Nicholas Cabasilas: “It is no longer I who live: it is Christ who lives In me” Saturday, May 5 2012 

We approach the Holy Table, the consummation of our life in Christ, which leaves no further happiness to be desired.

Now it is no longer a question of sharing in Christ’s death or burial or in a higher kind of life, but of welcoming the risen Lord himself.

It is no longer the gifts of the Spirit that we receive, insofar as we are able, but our benefactor himself, the very temple that enshrines all gifts.

Christ…leads communicants to his Table and gives them his body to eat he completely transforms them, raising them to his own level.

This is the last Sacrament we receive because it is impossible to go beyond it or to add to it anything whatever.

We remain imperfect even after Baptism has produced in us its full effect because we have not yet received the gifts of the Holy Spirit, which are given in Chrismation.

[…] Yet even among those who had been filled with the Spirit and who prophesied, spoke in tongues and displayed other such gifts, there were some in the time of the Apostles who were so far from being divine and spiritual as to be guilty of envy, rivalry, contention, and other similar vices.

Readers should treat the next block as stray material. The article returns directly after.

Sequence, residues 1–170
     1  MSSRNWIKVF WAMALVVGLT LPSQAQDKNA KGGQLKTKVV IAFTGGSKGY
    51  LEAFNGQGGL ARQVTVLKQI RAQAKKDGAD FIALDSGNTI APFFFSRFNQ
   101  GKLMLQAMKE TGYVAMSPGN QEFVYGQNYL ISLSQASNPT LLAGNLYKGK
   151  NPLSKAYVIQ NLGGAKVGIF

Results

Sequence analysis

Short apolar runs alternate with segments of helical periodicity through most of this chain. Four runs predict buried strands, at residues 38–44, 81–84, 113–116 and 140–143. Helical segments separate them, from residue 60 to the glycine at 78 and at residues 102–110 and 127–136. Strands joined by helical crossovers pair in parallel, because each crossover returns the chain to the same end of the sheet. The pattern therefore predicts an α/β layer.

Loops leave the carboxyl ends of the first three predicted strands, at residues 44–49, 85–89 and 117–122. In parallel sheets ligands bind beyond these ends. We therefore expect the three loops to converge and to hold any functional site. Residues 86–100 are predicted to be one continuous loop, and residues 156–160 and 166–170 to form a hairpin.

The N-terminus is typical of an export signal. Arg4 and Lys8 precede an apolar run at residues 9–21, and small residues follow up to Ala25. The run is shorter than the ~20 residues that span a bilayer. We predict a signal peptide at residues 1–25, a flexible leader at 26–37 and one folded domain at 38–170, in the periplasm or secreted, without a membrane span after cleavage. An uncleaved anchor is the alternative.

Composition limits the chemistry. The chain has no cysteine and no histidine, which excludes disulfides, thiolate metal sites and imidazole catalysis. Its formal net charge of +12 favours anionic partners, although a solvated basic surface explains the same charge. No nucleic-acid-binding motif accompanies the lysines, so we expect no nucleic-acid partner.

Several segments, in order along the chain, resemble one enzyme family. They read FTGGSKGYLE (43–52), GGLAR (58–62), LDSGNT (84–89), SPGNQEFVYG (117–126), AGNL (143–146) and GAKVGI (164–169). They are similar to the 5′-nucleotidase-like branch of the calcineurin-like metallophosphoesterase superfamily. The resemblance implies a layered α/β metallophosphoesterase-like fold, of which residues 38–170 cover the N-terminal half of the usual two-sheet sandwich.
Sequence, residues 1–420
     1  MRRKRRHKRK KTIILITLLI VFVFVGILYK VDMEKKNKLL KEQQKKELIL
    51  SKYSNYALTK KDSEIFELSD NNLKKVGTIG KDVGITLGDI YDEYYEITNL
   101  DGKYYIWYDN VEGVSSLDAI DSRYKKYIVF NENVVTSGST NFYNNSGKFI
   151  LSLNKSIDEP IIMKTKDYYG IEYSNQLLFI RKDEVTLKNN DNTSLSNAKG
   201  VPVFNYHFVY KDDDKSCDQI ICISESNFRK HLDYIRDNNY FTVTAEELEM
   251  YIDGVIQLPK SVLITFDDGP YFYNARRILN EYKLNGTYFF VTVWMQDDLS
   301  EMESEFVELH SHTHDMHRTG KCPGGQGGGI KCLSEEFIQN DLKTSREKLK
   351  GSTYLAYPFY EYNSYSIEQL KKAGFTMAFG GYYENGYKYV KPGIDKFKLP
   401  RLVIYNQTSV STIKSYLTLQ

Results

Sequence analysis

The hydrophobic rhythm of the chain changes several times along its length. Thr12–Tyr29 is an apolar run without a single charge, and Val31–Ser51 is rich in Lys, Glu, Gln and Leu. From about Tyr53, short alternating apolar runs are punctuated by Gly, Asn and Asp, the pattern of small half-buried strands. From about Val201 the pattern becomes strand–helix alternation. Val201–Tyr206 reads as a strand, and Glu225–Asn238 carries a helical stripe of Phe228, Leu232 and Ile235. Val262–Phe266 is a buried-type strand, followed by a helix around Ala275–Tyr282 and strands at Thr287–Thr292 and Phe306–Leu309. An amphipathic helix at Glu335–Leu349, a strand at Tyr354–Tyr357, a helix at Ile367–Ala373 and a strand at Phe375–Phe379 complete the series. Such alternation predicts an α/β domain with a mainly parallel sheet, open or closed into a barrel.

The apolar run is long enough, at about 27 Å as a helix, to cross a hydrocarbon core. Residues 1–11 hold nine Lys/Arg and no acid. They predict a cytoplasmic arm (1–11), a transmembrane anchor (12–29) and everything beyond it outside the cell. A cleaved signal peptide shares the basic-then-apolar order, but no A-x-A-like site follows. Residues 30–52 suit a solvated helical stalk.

This is what Paul referred to when he wrote to them: You are still unspiritual and are living on a purely human plane.

They were indeed spiritual by reason of the graces they had received, but these graces did not suffice to free them from all sinfulness.

With the Eucharist, however, it is different.

No such charge can be brought against those in whom the Bread of Life, which has saved them from death, has had its full effect and who have not brought to this feast any wrongful dispositions.

If this Sacrament is fully effective it is quite impossible for it to allow the slightest imperfection to remain in those who receive it.

If you would know the reason for this, it is because through communion, in fulfilment of his promise, Christ dwells in us and we in him.

He lives in me, he said, and I in him.